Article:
That done, Kelly and her half-sister were offered a deal to roll on not just the killer but others as well, in exchange for which both were put into the witness protection program, so all’s well that ended well. Well, save maybe with Angela, who was none too amused about her daughter doing the undercover thing, and hasn’t yet forgiven her by the end of the episode, admitting to Isles that she would never stop worrying about her sometime reckless daughter.

Speaking of which, Nina also got a little overprotective of Frankie, when Kelly attacked him with the lid of a garbage can, which led her to draw her weapon on the woman, nearly pulling the trigger in a panic. We later discovered that she was still suffering from a bit of PTSD from what happened with her ex-boyfriend, but Frankie reassured her that all was well, and she did the right thing.

Beyond that, there was a neat guest-starring bit from one-half of the “original” Rizzoli & Isles, some might say, former “Cagney & Lacey” star Sharon Gless, best-known these days for her role on “Burn Notice.” It was fun seeing Gless play a prisoner that was in too deep and knew it, and just wanted to serve her time for what she did and GTFO of jail while she was still in one piece.

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Though she bugged a focused Rizzoli at first, Jane eventually warmed to her and later on helped to get her an early release for her help while Jane was undercover. That was a nice bit of business, and the passing along of her card to Gless felt a bit like a full-circle moment between the original girl-on-girl cop show and her more recent successor.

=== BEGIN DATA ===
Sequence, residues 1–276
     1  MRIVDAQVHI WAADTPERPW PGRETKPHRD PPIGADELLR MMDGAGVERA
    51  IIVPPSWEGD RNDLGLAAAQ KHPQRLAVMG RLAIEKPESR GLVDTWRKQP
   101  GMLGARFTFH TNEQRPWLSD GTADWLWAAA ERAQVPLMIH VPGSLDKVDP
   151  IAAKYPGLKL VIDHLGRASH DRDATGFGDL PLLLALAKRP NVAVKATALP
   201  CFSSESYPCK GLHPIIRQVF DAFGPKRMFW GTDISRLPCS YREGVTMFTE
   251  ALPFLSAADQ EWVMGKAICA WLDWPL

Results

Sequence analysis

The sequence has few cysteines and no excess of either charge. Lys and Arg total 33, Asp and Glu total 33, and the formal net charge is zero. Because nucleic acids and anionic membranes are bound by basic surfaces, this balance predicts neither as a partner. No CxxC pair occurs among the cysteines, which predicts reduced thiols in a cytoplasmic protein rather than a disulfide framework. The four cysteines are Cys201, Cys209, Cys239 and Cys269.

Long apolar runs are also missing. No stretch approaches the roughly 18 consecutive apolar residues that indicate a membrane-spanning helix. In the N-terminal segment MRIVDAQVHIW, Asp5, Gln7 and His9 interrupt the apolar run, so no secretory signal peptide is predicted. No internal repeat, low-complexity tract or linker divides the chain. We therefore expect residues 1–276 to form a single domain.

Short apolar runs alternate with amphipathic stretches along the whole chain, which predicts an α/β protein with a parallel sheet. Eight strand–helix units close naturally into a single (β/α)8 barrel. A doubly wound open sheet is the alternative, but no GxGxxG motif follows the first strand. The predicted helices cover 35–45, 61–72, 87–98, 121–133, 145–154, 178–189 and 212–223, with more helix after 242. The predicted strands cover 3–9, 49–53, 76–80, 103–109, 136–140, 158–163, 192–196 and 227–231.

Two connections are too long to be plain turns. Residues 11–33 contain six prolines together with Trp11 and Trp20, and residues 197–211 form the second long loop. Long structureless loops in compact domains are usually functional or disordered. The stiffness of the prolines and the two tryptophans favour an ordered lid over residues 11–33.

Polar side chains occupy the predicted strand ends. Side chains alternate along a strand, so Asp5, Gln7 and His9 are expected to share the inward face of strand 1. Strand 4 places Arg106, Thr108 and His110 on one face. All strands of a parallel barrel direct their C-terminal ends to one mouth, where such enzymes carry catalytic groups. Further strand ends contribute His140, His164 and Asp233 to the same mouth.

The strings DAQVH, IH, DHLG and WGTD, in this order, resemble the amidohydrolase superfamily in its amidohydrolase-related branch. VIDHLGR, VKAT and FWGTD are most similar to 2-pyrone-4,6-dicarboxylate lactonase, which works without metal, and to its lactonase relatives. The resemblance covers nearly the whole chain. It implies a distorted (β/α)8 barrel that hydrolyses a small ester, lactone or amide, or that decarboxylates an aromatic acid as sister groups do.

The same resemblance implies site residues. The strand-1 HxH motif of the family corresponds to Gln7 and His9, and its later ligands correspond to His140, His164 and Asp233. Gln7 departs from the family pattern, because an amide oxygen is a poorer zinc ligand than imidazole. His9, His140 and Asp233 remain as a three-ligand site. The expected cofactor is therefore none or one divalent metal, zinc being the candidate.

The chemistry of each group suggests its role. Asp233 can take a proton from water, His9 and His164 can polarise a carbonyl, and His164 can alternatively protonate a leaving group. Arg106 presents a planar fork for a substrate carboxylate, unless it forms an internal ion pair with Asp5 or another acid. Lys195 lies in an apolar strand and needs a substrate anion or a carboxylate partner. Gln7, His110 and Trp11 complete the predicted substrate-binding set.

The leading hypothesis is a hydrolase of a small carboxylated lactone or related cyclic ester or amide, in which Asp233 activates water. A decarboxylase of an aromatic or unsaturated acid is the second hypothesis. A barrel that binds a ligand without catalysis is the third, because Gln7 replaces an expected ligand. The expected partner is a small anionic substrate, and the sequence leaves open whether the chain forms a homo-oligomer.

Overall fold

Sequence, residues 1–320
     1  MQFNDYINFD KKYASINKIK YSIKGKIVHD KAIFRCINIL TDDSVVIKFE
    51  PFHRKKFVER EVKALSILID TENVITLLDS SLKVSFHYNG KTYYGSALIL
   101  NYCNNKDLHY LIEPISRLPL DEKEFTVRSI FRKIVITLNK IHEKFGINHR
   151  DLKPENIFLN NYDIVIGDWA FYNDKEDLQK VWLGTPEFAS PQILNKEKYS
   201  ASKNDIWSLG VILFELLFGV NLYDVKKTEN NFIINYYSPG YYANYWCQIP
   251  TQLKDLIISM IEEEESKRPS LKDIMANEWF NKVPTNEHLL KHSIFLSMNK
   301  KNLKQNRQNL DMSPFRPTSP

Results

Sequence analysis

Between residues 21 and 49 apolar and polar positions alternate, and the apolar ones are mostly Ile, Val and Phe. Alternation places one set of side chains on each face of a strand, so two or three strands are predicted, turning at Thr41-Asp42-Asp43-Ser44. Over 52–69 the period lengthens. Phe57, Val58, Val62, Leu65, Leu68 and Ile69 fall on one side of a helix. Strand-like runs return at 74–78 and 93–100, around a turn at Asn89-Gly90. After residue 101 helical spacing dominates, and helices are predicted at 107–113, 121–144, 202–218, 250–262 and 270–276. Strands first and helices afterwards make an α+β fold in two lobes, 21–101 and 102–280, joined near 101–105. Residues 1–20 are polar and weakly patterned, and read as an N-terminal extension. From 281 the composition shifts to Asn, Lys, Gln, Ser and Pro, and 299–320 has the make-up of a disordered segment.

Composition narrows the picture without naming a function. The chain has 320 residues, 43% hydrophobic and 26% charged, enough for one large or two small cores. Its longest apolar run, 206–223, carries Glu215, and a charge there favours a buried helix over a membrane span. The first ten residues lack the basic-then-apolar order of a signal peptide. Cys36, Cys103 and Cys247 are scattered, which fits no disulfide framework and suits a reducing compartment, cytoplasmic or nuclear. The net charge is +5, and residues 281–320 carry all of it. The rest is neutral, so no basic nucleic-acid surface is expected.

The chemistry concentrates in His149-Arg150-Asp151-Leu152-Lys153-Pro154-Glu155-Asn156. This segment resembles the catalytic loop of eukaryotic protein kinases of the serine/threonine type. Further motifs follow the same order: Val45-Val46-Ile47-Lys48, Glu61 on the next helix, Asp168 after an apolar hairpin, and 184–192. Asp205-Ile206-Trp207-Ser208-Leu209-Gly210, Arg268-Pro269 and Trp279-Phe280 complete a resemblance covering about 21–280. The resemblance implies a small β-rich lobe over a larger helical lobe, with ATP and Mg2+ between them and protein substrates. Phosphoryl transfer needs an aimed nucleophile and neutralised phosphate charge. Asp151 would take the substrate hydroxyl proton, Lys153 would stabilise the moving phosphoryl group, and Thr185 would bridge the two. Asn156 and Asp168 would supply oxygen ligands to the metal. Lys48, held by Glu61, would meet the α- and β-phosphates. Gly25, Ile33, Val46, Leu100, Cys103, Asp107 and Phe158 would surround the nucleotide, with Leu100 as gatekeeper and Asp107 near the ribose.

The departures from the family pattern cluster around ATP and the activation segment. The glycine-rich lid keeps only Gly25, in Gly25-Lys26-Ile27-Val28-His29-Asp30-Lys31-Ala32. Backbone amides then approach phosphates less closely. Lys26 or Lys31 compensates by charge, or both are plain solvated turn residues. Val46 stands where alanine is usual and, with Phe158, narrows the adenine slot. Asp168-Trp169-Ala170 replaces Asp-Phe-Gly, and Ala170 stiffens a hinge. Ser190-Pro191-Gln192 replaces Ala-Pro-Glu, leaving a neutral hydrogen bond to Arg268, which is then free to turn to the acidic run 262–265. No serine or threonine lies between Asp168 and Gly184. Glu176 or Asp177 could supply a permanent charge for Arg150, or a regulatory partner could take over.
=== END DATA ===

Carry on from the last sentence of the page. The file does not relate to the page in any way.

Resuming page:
All in all, a worthy 100th episode, with some funny lines here and there, despite the overall serious tone. I liked the bit about fairies, the “natural enemy of the biker,” and Isles’ reaction to it: “I’m not sure I believe in your Tinkerbell theory.” Said Rizzoli: “Too small to carry the gun?” Isles: “No, there’s no pixie dust on our crime scene.” Lol.

There was also some silliness about Rizzoli’s tough veneer: “Don’t talk about my under-veneer,” scowled Rizzoli. This and the talk about how Isles couldn’t find any photos of her and Rizzoli together, seemed to be a nod to the fans that have complained about the two not working together as much as of late, as well as to the sometimes too gruff demeanor of Rizzoli in some people’s eyes.

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Yet, there was a sense of where the show was headed in the end, with Isles getting more serious about her writing, while Rizzoli called up Agent Davies from Quantico to discuss the teaching position that the two had talked about on the last episode.

Meanwhile, we already know that Frankie and Nina are a committed thing, and we got to see Frankie’s rare sensitive side when Nina was struggling with her situation, which was nice.

Overall, it was a worthy episode, with a solid directorial debut by star Angie Harmon and a happier tone than one might expect, given the main case at hand. I can live with that. How about you?


What did you think of the landmark 100th episode of “Rizzoli & Isles”? Was it a step in the right direction toward the finale? Did the case zip along a bit too quickly to be realistic? (Jane certainly closed that case in jail pretty quick, and the sting operation for Kelly’s sister was also pretty swiftly accomplished.) Did you have a fave line I missed? Sound off down below, and see you next time!